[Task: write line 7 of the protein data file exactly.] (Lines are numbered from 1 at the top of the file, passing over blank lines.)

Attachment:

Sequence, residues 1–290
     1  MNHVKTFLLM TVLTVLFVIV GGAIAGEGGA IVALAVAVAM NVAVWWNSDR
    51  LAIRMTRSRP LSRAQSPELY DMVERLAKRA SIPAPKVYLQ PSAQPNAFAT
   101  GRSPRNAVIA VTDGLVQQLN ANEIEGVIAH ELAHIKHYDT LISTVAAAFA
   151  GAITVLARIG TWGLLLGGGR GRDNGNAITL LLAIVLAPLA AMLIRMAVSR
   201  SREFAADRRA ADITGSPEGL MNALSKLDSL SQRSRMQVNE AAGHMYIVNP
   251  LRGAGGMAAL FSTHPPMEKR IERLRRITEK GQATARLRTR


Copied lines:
   251  LRGAGGMAAL FSTHPPMEKR IERLRRITEK GQATARLRTR